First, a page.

Why Danielle Smith and Pierre Poilievre will both lose next elections

I promised to write a blog on why I think both will lose next elections so here it is. Like any prediction, it is just that and there is always a possibility of being wrong. But I believe Smith only has a 20% chance of beating Notley in the election this May and Poilievre has a 20% chance of becoming PM after next election. Obviously if party keeps Poilievre and doesn’t dump him, then his chances of becoming PM are somewhat higher but still under 50%. So it is just a prediction, but I believe it is well grounded. I don’t just look at polls, I also look at past elections and overall values of the electorate and how they align with various leaders. And I believe with good reason both Poilievre and Smith are offside with majority of the electorate.

I have blogged multiple times why I think Alberta NDP will win next election and all the reasons still continue to stand notwithstanding some polls suggesting UCP is tied or slightly ahead. The biggest reasons I believe Notley will win are two fold: 1. In tough times, people prefer stability over chaos and having seen both as premiers, Notley clearly represents stability while Smith represents chaos. 2. Best premier is often a good indicator and polls show Notley has a double digit lead here. UCP tied or ahead is not a total surprise as Alberta by nature is a conservative province. Its not much different than pre-election Ontario polls showing a much closer race or 2008 federal election showing Liberals and Tories tied. But in both cases if you looked at best premier/best PM rating, that would have given strong hints on which direction things were going to go. Usually incumbent has an edge here so fact Smith trailing by double digits is why I am confident once election campaign starts, things will widen. Those saying UCP now but Notley as best premier are likely people who normally vote Conservative but prefer Notley over Smith and once election gets under way, I expect most of them to swing over to the NDP. Some have suggested unpopularity of Trudeau will sink Notley, but I have found provincial and federal politics are often different beasts. If they were not, Ontario would have a Liberal government as would all four Atlantic provinces, not just one and BC would have a hung parliament relatively equally split between Conservatives, Liberals, and NDP not an NDP majority (Yes I know BC Liberals more like conservatives than Liberals thus my whole point). So I believe tying Notley to Trudeau will work well with base who is going to vote UCP anyways but not with the key swing voters UCP needs to win. Those voters more interested in how can government fix provincial issues not pick fights with feds.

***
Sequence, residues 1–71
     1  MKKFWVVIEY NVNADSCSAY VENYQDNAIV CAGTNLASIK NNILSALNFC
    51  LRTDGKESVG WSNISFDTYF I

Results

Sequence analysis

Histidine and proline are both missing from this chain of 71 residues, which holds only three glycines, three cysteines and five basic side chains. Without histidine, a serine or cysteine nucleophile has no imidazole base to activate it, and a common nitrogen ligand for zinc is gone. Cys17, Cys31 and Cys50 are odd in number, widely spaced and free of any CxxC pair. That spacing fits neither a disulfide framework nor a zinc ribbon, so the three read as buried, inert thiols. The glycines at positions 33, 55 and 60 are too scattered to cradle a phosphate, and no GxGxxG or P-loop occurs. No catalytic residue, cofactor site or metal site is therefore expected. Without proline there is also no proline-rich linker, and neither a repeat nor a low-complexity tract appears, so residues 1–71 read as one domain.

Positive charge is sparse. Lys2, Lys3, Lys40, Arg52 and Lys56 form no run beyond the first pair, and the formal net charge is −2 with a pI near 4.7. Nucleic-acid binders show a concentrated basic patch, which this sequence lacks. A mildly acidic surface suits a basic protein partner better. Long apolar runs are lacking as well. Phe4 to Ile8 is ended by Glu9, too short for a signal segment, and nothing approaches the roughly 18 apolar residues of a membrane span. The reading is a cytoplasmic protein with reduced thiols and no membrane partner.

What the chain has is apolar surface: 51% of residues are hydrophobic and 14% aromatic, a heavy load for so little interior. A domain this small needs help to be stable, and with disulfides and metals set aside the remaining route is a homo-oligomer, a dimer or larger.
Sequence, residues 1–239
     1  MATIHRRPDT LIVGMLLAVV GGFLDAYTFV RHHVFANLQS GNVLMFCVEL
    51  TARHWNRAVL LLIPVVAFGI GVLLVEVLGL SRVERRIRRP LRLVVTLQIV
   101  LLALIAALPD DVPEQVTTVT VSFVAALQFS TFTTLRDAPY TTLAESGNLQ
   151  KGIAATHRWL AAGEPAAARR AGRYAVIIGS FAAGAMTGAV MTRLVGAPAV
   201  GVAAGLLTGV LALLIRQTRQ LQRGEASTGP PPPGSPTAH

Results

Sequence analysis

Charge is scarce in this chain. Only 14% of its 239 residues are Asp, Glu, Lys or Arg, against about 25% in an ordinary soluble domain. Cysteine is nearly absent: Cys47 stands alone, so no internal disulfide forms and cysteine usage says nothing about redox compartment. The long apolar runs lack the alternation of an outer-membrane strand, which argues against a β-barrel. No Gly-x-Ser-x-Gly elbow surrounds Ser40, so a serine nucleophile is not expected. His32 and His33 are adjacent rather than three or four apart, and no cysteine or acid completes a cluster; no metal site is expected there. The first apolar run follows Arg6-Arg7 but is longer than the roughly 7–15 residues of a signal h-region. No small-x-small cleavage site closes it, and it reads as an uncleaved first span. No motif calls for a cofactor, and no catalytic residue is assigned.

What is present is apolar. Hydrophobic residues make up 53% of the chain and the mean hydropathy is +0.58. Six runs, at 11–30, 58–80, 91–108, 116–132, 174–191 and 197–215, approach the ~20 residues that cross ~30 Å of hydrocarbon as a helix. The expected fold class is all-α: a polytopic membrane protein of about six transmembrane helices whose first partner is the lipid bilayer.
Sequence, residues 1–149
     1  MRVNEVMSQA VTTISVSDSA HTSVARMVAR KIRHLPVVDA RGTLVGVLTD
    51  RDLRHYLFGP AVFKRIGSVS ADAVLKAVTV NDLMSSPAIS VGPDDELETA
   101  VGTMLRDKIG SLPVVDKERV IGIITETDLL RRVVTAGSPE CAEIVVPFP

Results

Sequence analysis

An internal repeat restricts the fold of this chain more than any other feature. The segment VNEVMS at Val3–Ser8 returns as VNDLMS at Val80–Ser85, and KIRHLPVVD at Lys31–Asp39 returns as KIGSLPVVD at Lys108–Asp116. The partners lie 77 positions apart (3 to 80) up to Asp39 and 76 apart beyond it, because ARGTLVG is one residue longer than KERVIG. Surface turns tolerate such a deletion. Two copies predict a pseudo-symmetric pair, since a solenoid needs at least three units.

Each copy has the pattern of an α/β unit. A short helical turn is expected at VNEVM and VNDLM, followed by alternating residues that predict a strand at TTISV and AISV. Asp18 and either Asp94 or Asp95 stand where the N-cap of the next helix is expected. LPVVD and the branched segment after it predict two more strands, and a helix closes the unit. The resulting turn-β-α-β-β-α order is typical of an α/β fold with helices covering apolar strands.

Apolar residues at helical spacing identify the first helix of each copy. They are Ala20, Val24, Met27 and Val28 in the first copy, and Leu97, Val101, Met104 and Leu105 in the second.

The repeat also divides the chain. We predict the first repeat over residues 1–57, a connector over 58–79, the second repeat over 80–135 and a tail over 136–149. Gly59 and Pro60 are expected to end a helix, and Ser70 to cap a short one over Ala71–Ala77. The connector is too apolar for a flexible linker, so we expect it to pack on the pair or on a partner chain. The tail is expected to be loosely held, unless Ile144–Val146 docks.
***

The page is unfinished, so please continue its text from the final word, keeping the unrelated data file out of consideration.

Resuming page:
For federal, many from Conservative base I interact with are positive Poilievre will be next PM and think Trudeau is absolutely hated by the whole population. Reality is too many in base live in echo chambers and need to get out of them. Trudeau may be less popular than he was in 2015, but his approval rating is not far off 2019, 2021 and similar to Doug Ford last June while higher than Harper in 2015. So while his approval rating is not great, it is hardly fatal. Instead my reasoning that Poilievre won’t win is based both on a combination of polls (his approval ratings are not good, especially with women) and past elections (2004 federal and 2014 Ontario spring to mind). Canada is by nature a centre-left country so small government, bashing political elites, and overall populism are not vote winners and people’s views don’t change radically overnight; it is a long gradual process. Even if country has moved right since 2015 (I don’t think it has), its not been that dramatic. Simply speaking, Poilievre is too radical a departure from what Canadians are used to. Some say same about Trudeau and while true in governance, Liberals in past under Chretien and Martin ran on fairly left wing platforms; they just governed closer to centre. That suggests to me internal polling shows most Canadians like left wing policies and more it was realization they don’t work why past Liberal leaders avoided them. By contrast, PCs prior to merger often ran as dead centre and more or less accepted the Laurentian consensus but just urged a more cautious approach. Reason political parties don’t run on overly right wing platforms as they know full well that cohort is too small to win an election. And by and large that is true. Maybe in Rural Prairies that type of thinking is popular, but that is less than 10% of Canada’s population. Likewise rise has been more due to influence of social media so more American politics seeping northward as well as more going into echo chambers. In US, that type of politics may not represent majority of Americans, but probably appeals to around 40% which is a sizeable chunk while in Canada closer to 15-20% so not non-existent, but not nearly enough to win either.